October 7, 2014 at 11:42 am EDT | by Lou Chibbaro Jr.
Snowden, Smith win Stein Club endorsements
Courtney Snowden, Gertrude Stein Democratic Club endorsement forum, gay news, Washington Blade

Courtney Snowden won the endorsement of the Gertrude Stein Democratic Club in her bid for Council. (Washington Blade photo by Michael Key)

Lesbian communications executive Courtney Snowden won the endorsement of the Gertrude Stein Democratic Club Monday night in the hotly contested 15-candidate race for two at-large seats on the D.C. City Council.

With close to 200 people attending an endorsement forum at the Smith Public Trust bar and restaurant in the city’s Brookland section, law firm partner and former Obama administration official Edward “Smitty” Smith won the club’s endorsement for attorney general.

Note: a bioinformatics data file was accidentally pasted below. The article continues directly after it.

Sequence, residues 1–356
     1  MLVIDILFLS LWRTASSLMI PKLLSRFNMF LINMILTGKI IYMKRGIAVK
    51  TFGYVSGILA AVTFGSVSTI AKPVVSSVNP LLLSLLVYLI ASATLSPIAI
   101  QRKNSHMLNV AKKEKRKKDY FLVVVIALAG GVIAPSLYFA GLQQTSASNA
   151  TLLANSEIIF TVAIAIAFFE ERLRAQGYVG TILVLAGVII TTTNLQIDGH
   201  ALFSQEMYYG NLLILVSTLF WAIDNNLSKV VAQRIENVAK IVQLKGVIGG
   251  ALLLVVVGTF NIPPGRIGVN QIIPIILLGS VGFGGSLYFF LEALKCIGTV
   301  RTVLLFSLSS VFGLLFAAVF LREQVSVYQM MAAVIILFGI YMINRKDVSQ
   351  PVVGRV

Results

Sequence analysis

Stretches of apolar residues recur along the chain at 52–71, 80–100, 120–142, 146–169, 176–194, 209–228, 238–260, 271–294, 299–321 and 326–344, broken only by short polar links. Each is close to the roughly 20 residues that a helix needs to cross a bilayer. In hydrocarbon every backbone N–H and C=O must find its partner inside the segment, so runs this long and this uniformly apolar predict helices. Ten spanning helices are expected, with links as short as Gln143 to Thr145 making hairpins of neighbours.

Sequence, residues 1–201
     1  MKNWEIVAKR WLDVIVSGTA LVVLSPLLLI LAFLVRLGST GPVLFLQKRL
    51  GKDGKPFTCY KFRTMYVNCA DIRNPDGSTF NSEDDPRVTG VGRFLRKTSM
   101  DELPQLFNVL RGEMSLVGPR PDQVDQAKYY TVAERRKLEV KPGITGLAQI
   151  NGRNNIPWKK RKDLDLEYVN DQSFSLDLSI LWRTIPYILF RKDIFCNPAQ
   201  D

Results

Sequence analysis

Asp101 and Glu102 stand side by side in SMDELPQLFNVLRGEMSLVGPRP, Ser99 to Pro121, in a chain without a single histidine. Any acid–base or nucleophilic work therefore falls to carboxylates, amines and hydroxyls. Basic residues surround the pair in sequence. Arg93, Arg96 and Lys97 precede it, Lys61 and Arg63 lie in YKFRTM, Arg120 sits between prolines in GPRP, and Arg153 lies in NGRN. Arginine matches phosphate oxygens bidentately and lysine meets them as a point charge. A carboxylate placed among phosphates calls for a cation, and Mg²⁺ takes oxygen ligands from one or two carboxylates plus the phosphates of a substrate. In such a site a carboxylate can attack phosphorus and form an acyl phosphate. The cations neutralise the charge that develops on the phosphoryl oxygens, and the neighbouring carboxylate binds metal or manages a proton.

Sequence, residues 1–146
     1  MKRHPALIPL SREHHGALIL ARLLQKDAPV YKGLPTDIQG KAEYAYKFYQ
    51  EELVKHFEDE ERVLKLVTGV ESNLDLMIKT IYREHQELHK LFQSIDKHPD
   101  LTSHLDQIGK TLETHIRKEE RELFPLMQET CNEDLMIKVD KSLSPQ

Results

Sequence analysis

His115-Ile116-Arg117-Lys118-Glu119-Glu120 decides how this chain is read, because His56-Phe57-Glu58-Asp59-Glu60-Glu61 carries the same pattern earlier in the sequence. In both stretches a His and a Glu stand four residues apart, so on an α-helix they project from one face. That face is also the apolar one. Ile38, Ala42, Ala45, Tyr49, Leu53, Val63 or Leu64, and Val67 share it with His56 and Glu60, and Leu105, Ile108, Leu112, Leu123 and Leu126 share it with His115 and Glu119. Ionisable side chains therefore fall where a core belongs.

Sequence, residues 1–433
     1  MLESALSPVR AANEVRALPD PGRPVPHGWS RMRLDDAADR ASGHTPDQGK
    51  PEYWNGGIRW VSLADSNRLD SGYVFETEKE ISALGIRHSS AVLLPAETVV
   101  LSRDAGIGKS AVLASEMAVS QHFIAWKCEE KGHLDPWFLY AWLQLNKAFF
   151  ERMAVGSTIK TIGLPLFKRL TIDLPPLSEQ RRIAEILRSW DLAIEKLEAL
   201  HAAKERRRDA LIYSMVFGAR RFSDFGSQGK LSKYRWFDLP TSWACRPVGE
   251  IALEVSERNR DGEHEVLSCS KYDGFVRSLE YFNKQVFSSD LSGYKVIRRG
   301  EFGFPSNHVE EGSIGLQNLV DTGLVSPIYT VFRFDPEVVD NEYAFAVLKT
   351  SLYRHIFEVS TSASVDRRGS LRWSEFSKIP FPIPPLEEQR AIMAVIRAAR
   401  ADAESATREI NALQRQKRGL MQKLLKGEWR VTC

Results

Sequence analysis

“The reality is we need representation from our own community on the Council and people recognize that,” Snowden said after the vote.

“I’m a lot of things,” she said. “I’m a sixth-generation Washingtonian. I’m a mother and parent. And most importantly, though, I’m a member of the D.C. community and yes I’m also an open lesbian,” she said. “And yes, we’re going to make history in this race.”

Prior to joining the D.C.-based communications and public affairs firm the Raben Group, Snowden worked as a staffer for then-Rep. Tammy Baldwin (D-Wisc.), the first out lesbian to be elected to Congress. Snowden later worked on LGBT issues for the Human Rights Campaign and the Gay, Lesbian, and Straight Education Network or GLSEN.

Snowden and Smith each captured the Stein Club’s endorsement in a second ballot vote after they and 12 other candidates participating in the forum were unable to garner a required 60 percent of the vote on the first ballot.